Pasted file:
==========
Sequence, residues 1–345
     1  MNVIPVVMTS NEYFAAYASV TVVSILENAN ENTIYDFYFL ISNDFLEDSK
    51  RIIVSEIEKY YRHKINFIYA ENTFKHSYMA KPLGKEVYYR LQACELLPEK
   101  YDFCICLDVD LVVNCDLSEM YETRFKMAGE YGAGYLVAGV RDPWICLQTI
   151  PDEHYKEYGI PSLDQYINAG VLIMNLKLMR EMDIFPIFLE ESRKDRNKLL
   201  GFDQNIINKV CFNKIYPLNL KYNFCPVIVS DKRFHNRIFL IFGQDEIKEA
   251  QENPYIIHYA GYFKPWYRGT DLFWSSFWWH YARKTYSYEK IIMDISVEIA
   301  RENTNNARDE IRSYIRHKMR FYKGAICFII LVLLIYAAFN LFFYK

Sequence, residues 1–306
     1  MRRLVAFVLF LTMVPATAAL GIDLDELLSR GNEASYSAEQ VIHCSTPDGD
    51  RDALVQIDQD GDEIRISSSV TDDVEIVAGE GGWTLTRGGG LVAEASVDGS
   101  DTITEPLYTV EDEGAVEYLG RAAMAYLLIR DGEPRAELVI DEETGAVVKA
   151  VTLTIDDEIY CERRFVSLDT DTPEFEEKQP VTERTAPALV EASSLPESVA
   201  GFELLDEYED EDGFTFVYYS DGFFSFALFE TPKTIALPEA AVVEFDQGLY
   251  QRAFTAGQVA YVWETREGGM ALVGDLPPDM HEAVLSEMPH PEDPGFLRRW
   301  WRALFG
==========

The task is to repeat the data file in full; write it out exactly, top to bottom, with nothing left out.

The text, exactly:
Sequence, residues 1–345
     1  MNVIPVVMTS NEYFAAYASV TVVSILENAN ENTIYDFYFL ISNDFLEDSK
    51  RIIVSEIEKY YRHKINFIYA ENTFKHSYMA KPLGKEVYYR LQACELLPEK
   101  YDFCICLDVD LVVNCDLSEM YETRFKMAGE YGAGYLVAGV RDPWICLQTI
   151  PDEHYKEYGI PSLDQYINAG VLIMNLKLMR EMDIFPIFLE ESRKDRNKLL
   201  GFDQNIINKV CFNKIYPLNL KYNFCPVIVS DKRFHNRIFL IFGQDEIKEA
   251  QENPYIIHYA GYFKPWYRGT DLFWSSFWWH YARKTYSYEK IIMDISVEIA
   301  RENTNNARDE IRSYIRHKMR FYKGAICFII LVLLIYAAFN LFFYK

Sequence, residues 1–306
     1  MRRLVAFVLF LTMVPATAAL GIDLDELLSR GNEASYSAEQ VIHCSTPDGD
    51  RDALVQIDQD GDEIRISSSV TDDVEIVAGE GGWTLTRGGG LVAEASVDGS
   101  DTITEPLYTV EDEGAVEYLG RAAMAYLLIR DGEPRAELVI DEETGAVVKA
   151  VTLTIDDEIY CERRFVSLDT DTPEFEEKQP VTERTAPALV EASSLPESVA
   201  GFELLDEYED EDGFTFVYYS DGFFSFALFE TPKTIALPEA AVVEFDQGLY
   251  QRAFTAGQVA YVWETREGGM ALVGDLPPDM HEAVLSEMPH PEDPGFLRRW
   301  WRALFG